1. The beginning of the settlement was made in 1820 by 34families consistin
of 122 persons (71 male and 51 female) who were directed to this locality by
government officials. Since there were no dwellings to house the settlers,
they had to seek shelter in the homes of the colony of Rohrbach until 1821,
when they had built the clay huts, called semelankas, for which the government
advanced the necessary loan.
2. The colony was first located on the eastern ridge of the Sasika valley,
about midway between the colonies of Rohrbach and Landau, which are about 20
versts from each other. However, in view of the lack of water supply the
colony had to be moved one verst farther to the south. The Sasika valley
begins about 3 versts to the north and continues in a southeasterly direction
for 50 versts until it reaches the Black Sea. The colony is about 110 versts
from Kherson, the administrative center of the "gouvernement", and 100 versts
The steppe assigned to the colony has an area of 4,143 dessiatines. Except for
the Sasika valley, the land is completely flat and has one to two feet of
topsoil consisting of black humus and loam, with a lower layer of clay, sand,
and gravel. The soil, though mixed with saltpeter, is very productive when
there is sufficient rainfall. It produces luxuriant vegetation and tall grain.
However, in periods of prolonged drought, which occur quite frequently, little
or nothing grows in the parched loose earth. The following crops are planted:
arnaut, spring and winter wheat, winter rye, barley, oats and potatoes.
Many years of experience and largely unsuccessful attempts have convinced the
farmers that the locality and the soil are not favorable for the production of
wine or the planting of trees.
There are no woods here, and the success of the plantations that were started
in 1817 upon orders of the authorities cannot yet be determined.
At the southern end of the colony there are stone quarries that deliver an
abundance of good building stone for the colonists. Three dams and ponds have
been constructed by the community to provide water for the cattle during the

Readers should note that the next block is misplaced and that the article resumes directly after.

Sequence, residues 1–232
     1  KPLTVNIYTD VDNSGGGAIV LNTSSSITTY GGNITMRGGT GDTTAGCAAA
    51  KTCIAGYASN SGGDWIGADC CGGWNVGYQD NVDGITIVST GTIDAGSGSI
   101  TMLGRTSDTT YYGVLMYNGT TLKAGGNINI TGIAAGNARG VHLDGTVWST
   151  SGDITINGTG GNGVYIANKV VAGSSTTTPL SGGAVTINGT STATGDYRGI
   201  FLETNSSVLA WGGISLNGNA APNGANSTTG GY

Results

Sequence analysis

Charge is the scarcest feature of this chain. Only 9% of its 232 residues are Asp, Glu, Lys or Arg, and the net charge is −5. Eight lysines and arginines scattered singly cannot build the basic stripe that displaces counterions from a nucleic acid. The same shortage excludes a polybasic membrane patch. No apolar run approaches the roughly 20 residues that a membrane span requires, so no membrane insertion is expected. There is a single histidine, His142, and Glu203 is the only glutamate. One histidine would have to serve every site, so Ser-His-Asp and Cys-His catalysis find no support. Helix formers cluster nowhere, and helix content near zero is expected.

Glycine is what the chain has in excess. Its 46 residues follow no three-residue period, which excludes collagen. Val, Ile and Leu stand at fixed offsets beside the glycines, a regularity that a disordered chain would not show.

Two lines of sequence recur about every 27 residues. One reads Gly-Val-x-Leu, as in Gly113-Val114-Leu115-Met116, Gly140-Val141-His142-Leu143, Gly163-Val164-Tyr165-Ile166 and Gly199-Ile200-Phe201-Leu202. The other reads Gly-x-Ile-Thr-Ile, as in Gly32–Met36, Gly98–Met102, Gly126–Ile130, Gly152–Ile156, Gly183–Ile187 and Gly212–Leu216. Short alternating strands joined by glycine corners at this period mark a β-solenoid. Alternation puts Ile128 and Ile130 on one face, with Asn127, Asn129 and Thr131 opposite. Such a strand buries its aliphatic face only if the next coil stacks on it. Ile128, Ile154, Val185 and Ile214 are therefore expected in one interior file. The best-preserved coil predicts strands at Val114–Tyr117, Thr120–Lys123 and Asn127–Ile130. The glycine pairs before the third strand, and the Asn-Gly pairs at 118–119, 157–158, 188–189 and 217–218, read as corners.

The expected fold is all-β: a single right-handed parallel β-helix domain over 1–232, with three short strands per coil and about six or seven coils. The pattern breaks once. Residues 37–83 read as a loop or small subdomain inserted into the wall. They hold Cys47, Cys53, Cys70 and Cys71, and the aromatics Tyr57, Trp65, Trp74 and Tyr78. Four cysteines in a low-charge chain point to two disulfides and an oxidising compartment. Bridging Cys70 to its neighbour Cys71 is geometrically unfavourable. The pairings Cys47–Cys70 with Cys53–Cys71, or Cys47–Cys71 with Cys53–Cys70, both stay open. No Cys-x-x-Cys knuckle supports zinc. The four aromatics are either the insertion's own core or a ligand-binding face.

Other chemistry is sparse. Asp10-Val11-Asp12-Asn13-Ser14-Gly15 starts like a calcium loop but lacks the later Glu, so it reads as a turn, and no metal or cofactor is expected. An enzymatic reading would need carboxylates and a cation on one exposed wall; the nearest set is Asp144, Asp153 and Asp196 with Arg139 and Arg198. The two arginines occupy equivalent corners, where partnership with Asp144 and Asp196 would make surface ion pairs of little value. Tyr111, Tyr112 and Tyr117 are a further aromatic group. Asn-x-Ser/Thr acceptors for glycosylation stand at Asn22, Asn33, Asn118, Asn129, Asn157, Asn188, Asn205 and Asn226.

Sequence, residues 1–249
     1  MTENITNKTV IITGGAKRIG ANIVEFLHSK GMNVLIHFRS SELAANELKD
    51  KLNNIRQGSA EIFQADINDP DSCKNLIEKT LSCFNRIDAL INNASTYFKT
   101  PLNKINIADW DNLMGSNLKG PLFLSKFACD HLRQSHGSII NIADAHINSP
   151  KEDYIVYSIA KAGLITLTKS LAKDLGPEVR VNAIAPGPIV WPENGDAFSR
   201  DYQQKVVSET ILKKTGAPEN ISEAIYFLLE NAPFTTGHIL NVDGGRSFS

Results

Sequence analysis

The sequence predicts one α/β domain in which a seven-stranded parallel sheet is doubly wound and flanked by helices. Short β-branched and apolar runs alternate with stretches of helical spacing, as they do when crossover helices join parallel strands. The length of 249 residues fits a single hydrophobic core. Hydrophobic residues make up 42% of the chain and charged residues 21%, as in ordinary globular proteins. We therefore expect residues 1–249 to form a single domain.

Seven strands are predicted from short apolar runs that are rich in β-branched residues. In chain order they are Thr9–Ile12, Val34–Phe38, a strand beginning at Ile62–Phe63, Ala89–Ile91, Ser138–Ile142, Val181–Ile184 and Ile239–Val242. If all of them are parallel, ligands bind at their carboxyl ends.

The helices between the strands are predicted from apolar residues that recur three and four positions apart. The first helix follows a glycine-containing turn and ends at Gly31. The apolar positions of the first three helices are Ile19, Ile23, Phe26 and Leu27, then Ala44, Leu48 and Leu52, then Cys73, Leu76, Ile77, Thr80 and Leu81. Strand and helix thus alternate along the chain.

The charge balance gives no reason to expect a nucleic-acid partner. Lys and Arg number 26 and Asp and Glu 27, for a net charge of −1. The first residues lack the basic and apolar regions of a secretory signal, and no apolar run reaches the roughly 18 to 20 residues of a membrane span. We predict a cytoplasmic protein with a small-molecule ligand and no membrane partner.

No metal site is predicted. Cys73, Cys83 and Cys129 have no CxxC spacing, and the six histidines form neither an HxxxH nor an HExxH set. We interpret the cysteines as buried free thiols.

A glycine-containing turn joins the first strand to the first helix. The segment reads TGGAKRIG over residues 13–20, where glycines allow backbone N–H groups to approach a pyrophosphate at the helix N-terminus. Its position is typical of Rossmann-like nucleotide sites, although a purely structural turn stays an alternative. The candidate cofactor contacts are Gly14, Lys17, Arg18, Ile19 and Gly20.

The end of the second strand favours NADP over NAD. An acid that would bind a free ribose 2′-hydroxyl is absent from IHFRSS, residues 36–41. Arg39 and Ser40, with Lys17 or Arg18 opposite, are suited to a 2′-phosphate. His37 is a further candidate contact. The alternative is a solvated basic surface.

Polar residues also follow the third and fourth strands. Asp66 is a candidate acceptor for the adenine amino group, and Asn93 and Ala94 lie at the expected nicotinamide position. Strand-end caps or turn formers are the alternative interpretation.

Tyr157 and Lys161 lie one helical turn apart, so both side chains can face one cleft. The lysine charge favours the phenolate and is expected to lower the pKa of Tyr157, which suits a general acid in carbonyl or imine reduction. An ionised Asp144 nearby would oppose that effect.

3. Out of love and fondness for His Excellency Superintendent General von
Inzow, under whose paternal guidance the colony was established, the
community, at the suggestion of its mayor Dietrich Lutz, requested that they
be permitted to call their settlement "Johannestal", after the surname of His
Excellency. This was granted.
4. In addition to the original 34 pioneer families who settled here, and of
whom 27 had emigrated from Wuerttemberg, 5 from Prussian Poland, one from
Saxony, and one from Switzerland, other immigrants arrived in subsequent
years: in 1822 8 families from Warsaw, in 1824 8 families from Baden, and
between 1829 and 1831 14 families from Wuerttemberg. Thus the fixed quota of
66 families was filled. Since the founding of the colony 13 families have
moved away to other colonies and, in 1842,23 families emigrated to Siberia.
5. The families who had come from Wuerttemberg in 1817 on the Danube waterway
were organized into parties which were led by the transport conductors Stephan
Schmidt and Johannes Gugel. The other immigrants came on the overland route
independently, without conductors. Until they were settled they remained in
the colonies of the Grossliebental and Kutschurgan districts. Most of the
local inhabitants are Lutheran; only a few belong to the Reformed Church.
All of them came to Russia during the glorious reign of the late Czar
Alexander I and in response to the gracious privileges granted by His Majesty.
6. The steppe that was allotted to the immigrant settlers originally belonged
to the Imperial Crown and was used by the local landowner Yeschitzki to
pasture his cattle. There were no dwellings to be found here to shelter the
7. Apart from the non-